Cardona’s support for broader student inoculations comes as the number of children receiving their first doses slowed for a fifth consecutive week through Sept. 15 — reaching its lowest point since the vaccine was first made available to 12- through 15-year-olds, according to Centers for Disease Control and Prevention data analyzed by the American Academy of Pediatrics.
“Governors should work with their school officials and with their health officials to roll out requirements, especially in areas that are high-spread, and where students might be at risk for going back to remote learning, or hybrid learning, as a result of the spread of Covid-19,” Cardona said.
More than 60 percent of children age 12 to 17 have received at least one dose in 15 states, according to the AAP. But fewer than 40 percent of children have received one dose in nine states.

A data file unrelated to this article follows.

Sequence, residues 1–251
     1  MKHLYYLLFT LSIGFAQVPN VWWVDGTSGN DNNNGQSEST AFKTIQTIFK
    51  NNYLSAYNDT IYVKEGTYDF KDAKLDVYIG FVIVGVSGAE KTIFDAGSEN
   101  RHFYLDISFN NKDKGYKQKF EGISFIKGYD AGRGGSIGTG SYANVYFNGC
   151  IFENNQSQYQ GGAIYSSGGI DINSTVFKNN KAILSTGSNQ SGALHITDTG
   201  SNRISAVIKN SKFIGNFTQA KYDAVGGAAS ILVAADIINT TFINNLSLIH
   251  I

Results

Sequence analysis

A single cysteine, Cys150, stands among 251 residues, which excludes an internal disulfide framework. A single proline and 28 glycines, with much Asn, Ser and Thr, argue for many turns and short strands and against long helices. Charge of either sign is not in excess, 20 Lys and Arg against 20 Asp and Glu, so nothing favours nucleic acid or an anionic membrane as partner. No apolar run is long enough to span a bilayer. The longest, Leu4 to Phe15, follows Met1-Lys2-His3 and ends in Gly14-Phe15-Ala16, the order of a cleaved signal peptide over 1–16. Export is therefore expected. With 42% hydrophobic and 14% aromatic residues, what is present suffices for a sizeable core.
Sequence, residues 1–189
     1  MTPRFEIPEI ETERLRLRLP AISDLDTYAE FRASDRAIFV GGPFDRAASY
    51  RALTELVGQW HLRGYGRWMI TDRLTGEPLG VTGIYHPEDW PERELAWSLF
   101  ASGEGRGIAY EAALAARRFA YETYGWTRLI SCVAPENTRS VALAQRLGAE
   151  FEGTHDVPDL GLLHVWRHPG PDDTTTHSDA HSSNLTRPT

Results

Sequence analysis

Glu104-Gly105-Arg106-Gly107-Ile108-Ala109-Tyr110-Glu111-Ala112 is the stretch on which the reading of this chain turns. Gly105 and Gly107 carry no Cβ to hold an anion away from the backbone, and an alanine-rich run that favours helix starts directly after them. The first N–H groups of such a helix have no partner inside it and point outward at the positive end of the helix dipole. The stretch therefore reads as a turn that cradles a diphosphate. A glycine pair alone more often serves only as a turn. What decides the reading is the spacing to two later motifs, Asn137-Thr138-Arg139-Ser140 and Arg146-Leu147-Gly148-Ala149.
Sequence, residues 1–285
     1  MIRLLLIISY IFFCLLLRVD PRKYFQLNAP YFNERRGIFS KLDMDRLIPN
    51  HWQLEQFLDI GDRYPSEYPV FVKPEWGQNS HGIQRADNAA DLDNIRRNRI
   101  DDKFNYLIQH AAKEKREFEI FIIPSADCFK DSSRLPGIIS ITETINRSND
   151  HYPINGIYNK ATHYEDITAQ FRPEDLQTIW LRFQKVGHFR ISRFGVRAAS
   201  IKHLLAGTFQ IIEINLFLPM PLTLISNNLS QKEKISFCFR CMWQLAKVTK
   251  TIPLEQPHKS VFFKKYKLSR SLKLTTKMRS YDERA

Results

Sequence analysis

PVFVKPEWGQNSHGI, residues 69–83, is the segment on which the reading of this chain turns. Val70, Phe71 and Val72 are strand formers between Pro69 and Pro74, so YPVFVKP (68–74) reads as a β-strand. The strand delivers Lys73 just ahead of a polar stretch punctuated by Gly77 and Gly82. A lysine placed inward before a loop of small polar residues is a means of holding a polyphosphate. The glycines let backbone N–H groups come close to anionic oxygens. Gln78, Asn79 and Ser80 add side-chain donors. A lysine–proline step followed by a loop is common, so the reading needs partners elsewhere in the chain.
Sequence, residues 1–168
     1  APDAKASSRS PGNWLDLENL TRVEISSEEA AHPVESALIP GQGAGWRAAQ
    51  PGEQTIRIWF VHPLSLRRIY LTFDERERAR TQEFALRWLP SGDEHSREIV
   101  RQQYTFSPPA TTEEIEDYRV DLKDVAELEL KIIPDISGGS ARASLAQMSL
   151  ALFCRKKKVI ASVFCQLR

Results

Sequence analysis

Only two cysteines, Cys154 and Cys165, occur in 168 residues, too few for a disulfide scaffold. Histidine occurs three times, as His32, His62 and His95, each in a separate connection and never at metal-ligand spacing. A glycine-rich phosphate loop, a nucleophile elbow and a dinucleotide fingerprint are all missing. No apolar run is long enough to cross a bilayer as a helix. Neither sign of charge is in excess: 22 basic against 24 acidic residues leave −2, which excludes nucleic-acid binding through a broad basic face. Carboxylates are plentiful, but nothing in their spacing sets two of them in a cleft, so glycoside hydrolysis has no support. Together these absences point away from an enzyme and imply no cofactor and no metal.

The FDA granted full approval to the Pfizer-BioNTech vaccine for people 16 and older on Aug. 23. The shot remains available under an emergency use authorization for teens 12 to 15.
But the education secretary dismissed the possibility that his call for broader vaccinations could result in political backlash, particularly in conservative-led states that have resisted mandatory masks in schools and other virus safety measures. Florida GOP Gov. Ron DeSantis in particular has resisted Covid-related mandates such requiring student to weak masks in schools.
“This is about safely reopening schools,” Cardona said. “And what we know, based on not only on the Covid-19 vaccine, but the other vaccines that are already mandatory for school enrollment, is that they work. Our students have been disrupted enough, and sometimes you have to be crystal clear on what you believe.”